By Joanna Barstow (@DrJoVian), University of Oxford
I am very excited to be taking part in Soapbox Science 2015. Science and performing arts are two of my passions, and so the opportunity to speak about science in public is a wonderful combination of the two.
I decided I wanted to become a planetary scientist when I was sixteen, having spent most of my summer holiday working with members of the Beagle 2 Mars Lander team at the University of Leicester. I had a wonderful time thinking about ways to use the group’s instrument to look for evidence of life on Mars, and left wishing I could fast-forward my life through the rest of my A-levels so I could start doing real science. Beagle 2’s unfortunate demise didn’t deter me, so twelve years later here I am – a planetary scientist at the University of Oxford.
A planetary scientist is simply a scientist that studies planets (generally the term is used for scientists who look at planets other than the Earth). My research focus is the atmospheres of other planets – the shells of gas that surround the rocky parts of planets like Earth and Venus, and the outer layers of gas giant planets like Jupiter and Saturn. Atmospheres are really important as they play a big role in controlling the surface conditions on planets like the Earth – for example, climate change is a result of humans very slightly altering the composition of our atmosphere. Atmospheres can also act as a record of a planet’s history, or an indicator of current conditions.
Until recently, the solar system was the only field of study for a planetary scientist, but over the last 20 years almost 2000 planets have been discovered orbiting other stars. We call these exoplanets, and many of them have very different conditions to the planets in our solar system – some reaching temperatures of well over 1000 oC, with clouds made of silicate glass and metallic gases in their atmospheres. The only way to find out information about many of these planets is to wait for them to pass in front of their stars as viewed from the Earth; then, some of the starlight passes through their atmospheres on its way to us and we can use that light to work out what they are like. The signals we are interested in are tiny, one part in a million to one part in ten thousand, so we use powerful telescopes like the Very Large Telescope in Chile and the Hubble Space Telescope.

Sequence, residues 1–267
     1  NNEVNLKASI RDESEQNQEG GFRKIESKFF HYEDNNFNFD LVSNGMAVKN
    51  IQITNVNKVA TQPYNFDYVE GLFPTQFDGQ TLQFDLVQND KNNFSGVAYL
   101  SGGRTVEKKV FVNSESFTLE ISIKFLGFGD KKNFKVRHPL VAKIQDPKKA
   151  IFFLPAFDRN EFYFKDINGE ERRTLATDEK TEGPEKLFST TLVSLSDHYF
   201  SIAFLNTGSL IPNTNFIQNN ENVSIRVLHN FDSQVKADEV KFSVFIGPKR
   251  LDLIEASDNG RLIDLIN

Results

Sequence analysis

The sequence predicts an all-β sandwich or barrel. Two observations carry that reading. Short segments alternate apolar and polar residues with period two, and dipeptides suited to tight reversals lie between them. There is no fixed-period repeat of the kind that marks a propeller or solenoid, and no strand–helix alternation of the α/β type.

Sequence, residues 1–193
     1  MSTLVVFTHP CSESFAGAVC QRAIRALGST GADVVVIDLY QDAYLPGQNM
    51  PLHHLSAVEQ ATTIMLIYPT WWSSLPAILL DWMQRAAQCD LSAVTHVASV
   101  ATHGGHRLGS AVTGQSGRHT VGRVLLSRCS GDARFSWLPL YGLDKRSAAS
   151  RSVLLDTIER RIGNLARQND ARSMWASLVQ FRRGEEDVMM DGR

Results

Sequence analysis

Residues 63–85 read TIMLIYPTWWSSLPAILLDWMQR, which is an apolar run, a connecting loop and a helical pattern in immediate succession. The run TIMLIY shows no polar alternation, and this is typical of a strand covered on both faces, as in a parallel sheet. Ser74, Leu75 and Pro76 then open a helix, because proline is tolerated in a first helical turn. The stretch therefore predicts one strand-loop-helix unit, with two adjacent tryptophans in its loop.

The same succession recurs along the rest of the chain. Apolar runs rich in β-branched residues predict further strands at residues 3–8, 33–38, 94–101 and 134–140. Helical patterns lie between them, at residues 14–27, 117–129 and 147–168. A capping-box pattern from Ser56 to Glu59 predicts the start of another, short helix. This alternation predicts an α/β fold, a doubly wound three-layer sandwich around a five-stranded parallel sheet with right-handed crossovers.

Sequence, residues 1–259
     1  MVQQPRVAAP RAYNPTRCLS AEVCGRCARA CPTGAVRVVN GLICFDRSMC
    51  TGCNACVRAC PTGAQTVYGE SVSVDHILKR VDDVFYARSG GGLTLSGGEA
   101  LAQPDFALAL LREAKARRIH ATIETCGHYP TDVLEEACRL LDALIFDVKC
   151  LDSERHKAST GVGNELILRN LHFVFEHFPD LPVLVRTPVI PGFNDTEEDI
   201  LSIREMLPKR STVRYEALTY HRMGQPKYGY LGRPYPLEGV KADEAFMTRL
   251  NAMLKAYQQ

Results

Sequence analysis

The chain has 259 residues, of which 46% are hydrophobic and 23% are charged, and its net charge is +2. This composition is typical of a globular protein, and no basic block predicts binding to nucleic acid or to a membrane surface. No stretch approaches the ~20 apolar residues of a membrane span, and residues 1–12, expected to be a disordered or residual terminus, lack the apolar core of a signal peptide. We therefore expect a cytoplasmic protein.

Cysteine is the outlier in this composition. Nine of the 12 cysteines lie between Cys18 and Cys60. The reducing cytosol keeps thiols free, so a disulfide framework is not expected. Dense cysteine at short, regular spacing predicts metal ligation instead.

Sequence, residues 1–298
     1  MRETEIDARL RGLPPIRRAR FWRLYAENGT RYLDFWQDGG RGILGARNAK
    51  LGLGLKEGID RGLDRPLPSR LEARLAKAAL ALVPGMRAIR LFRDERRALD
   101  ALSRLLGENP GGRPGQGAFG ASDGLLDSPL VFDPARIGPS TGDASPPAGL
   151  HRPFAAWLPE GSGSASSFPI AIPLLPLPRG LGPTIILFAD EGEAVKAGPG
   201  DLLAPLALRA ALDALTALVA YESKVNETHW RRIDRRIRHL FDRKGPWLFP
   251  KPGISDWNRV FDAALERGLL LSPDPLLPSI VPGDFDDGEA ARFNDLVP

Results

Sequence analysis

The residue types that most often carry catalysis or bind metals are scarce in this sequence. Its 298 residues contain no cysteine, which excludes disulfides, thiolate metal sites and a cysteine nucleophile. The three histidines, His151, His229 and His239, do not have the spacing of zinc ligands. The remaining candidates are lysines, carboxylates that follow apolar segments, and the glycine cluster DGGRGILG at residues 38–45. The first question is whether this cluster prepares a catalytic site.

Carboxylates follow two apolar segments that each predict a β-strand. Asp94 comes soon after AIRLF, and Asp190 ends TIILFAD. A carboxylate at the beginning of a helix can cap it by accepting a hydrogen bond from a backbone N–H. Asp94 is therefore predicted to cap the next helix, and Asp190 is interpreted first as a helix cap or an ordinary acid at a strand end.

When I’m not doing research, I spend a lot of time giving talks to schools or helping out with open days at the University. I especially enjoy making ‘comets’ out of water and dry ice – incidentally, comets also look very good on a dress! For non-science relaxation I enjoy reading fiction and performing in amateur musical theatre productions – currently this involves dressing up as a nun in a local production of Sister Act!